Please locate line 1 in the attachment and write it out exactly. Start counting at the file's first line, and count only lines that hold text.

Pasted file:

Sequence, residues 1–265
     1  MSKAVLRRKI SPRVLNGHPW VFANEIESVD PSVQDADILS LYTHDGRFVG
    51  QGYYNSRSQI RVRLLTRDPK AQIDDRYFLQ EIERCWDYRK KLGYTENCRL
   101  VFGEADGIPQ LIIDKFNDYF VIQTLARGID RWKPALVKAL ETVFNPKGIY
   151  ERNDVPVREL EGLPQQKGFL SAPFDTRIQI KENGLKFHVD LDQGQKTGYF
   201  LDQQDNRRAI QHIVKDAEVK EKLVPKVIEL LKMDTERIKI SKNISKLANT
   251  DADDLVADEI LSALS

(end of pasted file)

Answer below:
Sequence, residues 1–265